The Province looks forward to recommendations that will improve the rules and requirements on licensee conduct to better protect consumers, as well as recommendations to improve administration and enforcement.

     To take further action on affordability, de Jong and Coleman will meet with Robertson to discuss collaborative steps governments can take to help increase market and rental housing supply, reduce red tape and investment costs. That conversation will then be broadened to other local governments and the Union of British Columbia Municipalities for a broader, more provincial discussion.

    With increasing demand for housing from a strong economy and steady population growth, and restricted supply of single-family homes, prices for single family in most areas of Greater Vancouver have increased between 45% and 70% over the last five years. Prices for multi-family homes, in contrast, have increased between 14% and 40%. The most-recent data show there are about as many single family dwellings in the Vancouver census metropolitan area as in 1991, while the number of condominium units doubled in that time.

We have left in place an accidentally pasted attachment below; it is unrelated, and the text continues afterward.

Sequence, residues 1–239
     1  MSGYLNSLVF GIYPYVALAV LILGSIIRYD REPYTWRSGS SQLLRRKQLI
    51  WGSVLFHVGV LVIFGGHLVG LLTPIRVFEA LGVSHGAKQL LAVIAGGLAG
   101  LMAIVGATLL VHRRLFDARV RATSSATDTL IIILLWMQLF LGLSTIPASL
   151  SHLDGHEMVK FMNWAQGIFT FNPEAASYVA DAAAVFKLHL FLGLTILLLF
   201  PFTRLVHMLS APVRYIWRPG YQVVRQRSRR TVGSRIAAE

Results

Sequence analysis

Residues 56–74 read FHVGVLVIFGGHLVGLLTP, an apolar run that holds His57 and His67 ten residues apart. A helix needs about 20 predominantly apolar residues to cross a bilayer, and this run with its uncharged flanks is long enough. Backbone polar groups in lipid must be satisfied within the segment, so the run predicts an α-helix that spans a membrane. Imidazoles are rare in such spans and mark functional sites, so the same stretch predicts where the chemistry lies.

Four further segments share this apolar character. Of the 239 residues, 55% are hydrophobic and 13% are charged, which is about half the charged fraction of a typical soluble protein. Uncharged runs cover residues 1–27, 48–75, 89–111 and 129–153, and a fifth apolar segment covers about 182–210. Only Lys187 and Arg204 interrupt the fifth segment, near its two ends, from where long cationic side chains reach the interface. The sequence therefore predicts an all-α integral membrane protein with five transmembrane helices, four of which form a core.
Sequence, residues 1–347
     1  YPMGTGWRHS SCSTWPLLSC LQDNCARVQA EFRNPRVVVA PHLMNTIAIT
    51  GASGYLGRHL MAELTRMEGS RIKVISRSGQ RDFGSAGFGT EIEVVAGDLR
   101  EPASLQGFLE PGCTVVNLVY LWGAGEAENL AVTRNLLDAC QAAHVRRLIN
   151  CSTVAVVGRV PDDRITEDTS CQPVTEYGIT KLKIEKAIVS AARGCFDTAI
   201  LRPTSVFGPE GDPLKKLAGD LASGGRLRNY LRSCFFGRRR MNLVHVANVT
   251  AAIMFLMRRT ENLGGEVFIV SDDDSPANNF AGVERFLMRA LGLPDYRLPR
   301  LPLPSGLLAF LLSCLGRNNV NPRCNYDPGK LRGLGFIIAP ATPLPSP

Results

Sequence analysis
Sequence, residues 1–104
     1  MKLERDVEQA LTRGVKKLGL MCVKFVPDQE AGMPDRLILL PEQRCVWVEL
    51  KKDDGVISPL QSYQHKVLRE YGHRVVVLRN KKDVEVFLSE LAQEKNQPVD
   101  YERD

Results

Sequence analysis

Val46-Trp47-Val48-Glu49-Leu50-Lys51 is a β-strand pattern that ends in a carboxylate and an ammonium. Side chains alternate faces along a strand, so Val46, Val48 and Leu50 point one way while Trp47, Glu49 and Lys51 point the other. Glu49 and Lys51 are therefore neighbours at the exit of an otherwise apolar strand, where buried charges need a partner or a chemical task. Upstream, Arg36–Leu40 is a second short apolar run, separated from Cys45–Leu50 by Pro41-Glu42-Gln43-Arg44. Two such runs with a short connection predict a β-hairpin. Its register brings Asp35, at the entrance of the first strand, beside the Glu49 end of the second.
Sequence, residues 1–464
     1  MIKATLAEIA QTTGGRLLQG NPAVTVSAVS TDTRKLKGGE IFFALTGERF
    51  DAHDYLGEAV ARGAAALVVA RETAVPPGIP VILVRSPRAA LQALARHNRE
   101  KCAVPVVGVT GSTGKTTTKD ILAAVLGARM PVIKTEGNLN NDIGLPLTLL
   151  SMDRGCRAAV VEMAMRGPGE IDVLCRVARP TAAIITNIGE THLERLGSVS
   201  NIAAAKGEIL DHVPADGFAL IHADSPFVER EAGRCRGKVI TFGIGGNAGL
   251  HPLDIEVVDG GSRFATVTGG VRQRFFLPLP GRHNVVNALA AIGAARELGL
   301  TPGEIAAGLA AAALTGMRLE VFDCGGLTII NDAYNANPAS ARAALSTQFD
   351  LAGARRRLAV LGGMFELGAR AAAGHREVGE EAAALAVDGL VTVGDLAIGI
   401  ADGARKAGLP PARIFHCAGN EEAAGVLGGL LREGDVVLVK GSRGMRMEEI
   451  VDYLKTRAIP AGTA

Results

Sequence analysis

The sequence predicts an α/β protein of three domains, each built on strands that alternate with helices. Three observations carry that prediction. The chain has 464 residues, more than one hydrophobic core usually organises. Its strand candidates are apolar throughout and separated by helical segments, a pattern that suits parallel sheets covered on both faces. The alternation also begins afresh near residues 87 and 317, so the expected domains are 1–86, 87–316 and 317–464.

In Budget 2016, the Province changed the Property Transfer Tax to help the market respond to mounting demand for housing. The Newly Built Home Exemption offers an incentive for buyers to purchase new construction priced up to $750,000, by providing property transfer tax relief up to $13,000.

    Budget 2016 includes measures to provide more affordable housing options for lower-income earners. Capital spending of $355 million over five years will support the construction or renovation of more than 2,000 affordable housing units in communities throughout the province.

    Quotes:

    Premier Christy Clark ─